Back to Nature

Certified mountain leader Cherries has been taking guided groups out of their comfort zones and into nature on tailored walks in Verbier for nearly 15 years. We caught up with the Swiss guide to talk Alpine escapes, edible produce and her favourite spots to admire the view

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What is your job and how did you get into this line of work? Have you always been outdoorsy?

I’m a nature guide, I take people on hikes all year round. My parents are American and moved to Switzerland in the 1960s. Where we grew up was very outdoorsy and natural, we were always outside playing. I first came to Verbier in 1999 and worked seasons for about 5 years, and then I decided I should live here year-round. I heard about this mountain ranger thing and looked into it and thought it seemed quite serious with all the exams but decided, ‘what the heck’. I kind of randomly fell into it, I guess.

 

How do the hikes work? Do you tailor them or have set routes?

In winter it depends on snow and avalanche danger; in a whiteout there’s no point in going up a mountain. Outside of snowshoeing season, it more depends on the person’s physical capability. The hikes range from a half day walk, which is about 2-3 hours, to 10 days of walking together. It’s really fun to take people out every day and move from one hut to the next. The first day they’re just kind of orienting themselves and by the third day they just completely zap out of their lives and enter nature.

 

Do you have a favourite season?

I don’t think so. People ask if I get bored of this view – but how could I when it changes all the time? It changes dramatically, sometimes from one day to the next, whether it’s spring, summer or winter. I think that’s what makes it exciting. It’s fun to have people in the summer because not a lot of people go to the Alps in summer. But I’ve found off-season is getting more and more popular because it’s less stressful and there are no crowds. Walking in the Alps is such a no-brainer, what’s not to like? You can always find something that’s going to be of interest to someone because it’s so varied and that’s what makes it so fun.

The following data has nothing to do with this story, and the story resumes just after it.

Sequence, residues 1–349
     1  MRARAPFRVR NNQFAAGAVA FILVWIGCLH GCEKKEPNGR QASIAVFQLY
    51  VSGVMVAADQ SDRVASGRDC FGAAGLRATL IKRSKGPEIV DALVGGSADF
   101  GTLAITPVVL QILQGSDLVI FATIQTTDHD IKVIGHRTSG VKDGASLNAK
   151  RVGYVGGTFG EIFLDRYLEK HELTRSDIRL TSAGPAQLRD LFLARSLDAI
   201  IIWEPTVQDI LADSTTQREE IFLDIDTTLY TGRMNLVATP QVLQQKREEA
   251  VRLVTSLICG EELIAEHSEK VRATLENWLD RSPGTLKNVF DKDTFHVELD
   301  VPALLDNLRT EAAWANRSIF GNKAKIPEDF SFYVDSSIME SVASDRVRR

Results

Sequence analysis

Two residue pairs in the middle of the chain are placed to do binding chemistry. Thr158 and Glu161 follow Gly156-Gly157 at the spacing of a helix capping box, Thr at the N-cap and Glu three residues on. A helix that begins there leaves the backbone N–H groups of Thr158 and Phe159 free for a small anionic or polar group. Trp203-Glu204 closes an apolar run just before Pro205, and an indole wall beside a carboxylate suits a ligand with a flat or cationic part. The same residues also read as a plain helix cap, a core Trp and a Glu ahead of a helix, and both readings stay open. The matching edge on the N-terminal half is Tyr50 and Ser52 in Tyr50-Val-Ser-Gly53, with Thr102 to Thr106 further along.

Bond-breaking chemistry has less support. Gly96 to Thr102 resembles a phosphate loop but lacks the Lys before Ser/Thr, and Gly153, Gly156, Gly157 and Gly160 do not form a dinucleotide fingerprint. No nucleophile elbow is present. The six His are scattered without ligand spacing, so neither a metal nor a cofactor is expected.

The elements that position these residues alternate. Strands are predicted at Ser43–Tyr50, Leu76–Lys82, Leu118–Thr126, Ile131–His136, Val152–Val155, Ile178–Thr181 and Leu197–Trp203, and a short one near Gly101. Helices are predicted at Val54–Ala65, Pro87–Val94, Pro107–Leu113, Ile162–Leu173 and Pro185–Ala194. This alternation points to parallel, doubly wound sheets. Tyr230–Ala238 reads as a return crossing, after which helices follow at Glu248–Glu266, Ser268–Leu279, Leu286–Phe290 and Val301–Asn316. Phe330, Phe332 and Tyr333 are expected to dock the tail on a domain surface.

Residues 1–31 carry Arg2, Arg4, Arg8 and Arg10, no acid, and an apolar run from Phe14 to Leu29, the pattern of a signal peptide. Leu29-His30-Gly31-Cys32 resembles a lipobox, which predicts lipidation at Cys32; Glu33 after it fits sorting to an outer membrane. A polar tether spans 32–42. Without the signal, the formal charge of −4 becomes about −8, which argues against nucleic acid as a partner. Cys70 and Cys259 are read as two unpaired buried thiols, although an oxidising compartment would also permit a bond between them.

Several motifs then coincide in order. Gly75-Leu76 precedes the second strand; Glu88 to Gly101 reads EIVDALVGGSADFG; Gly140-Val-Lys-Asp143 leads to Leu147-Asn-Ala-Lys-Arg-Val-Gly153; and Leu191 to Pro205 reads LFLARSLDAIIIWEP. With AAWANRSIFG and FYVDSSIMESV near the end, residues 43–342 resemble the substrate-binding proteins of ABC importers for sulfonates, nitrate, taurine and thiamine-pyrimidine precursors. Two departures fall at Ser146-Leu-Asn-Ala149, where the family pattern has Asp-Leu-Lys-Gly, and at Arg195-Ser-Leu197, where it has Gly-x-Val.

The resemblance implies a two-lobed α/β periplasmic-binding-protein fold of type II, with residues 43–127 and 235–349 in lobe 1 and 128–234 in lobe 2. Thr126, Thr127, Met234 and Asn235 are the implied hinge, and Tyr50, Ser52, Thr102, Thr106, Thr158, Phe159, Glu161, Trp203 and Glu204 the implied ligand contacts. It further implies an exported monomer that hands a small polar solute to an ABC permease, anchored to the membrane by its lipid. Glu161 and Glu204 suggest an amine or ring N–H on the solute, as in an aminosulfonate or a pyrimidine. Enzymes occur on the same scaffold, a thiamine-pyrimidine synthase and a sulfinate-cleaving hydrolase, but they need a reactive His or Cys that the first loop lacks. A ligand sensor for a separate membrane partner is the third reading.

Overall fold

In terms of plants and wildlife, what do you typically see in the area?

The special thing to try to get people to see in terms of wildlife are chamois, marmots and bouquetin. The plantlife is super varied. One of the really fun walks that I like to take people on is at the end of the valley here where all the edelweiss are growing. It has this idyllic reputation and people like to see it and there’s a carpet of them and it’s really wild. Botany is a huge part of getting the mountain leader license and learning about plants is a nice way to bring the group together. Everyone can maybe recognise a dandelion or stinging nettle down in the valleys but once you get into the higher areas there’s so much more to look at. I find that if you learn something about it then you’ll look at it differently and also remember it.

When it comes to edible plants and produce, what can you find in Verbier?

A lot – there’s everything! There’s lots of berries that you can eat straight from the tree. I do group outings where we spend two or three hours hiking around and we pick stuff and then we spend an hour or two preparing a meal and then spend the rest of the day eating. There’s a lot of stinging nettles, yarrow, wild spinach; things you can easily make into salads and sandwiches. There’s walnuts and hazelnuts down in the valley and you can use wild flowers to decorate.

Is there anything that you definitely shouldn’t pick?

Oh yeah, there’s things that will kill you. The crocuses have started to come up and people think it’s saffron. Saffron does grow in the Alps but it grows in one particular valley and all the others that are growing are highly toxic. Aconite (Wolf’s bane) is one that will definitely kill you. It’s pretty and grows all over the place because obviously no one is picking it!

Do you have a favourite view or spot in Verbier?

The top of the Pierre Avoi is special. In the old patois they used to speak here, ‘avoi’ means ‘place to see’, so Pierre Avoi means ‘the rock to see’. When you hike to the top you have this 360-degree view where you can see Mont Blanc, the Roman valley below and all the way to the Bernese Oberland. It’s just beautiful. But you don’t have to go that high to get that kind of view. I really enjoy the view that’s below the Pierre Avoi from La Marlénaz restaurant. You look back on Verbier and you have the entire mountain range. I just love being there.

If you could summarise it simply, what is it that you love most about nature?

I think the way it adapts to everything. Every hike I go on – whatever the season – the plants and the animals… everything has adapted to being somewhere specific. Everything you find, everything you see, everything you encounter during a walk, it has to do with survival. It really amazes me.

Tom Avery

Author Tom Avery

Tom is a British explorer, author and motivational speaker. He made record-breaking journeys to the South Pole in 2002 and to the North Pole in 2005. He is one of fewer than ten people throughout history to have completed the Polar Trilogy; full length expeditions to the South Pole and North Pole and a coast to coast crossing of Greenland. He is also the youngest Briton to have reached both the North and South Poles on foot.

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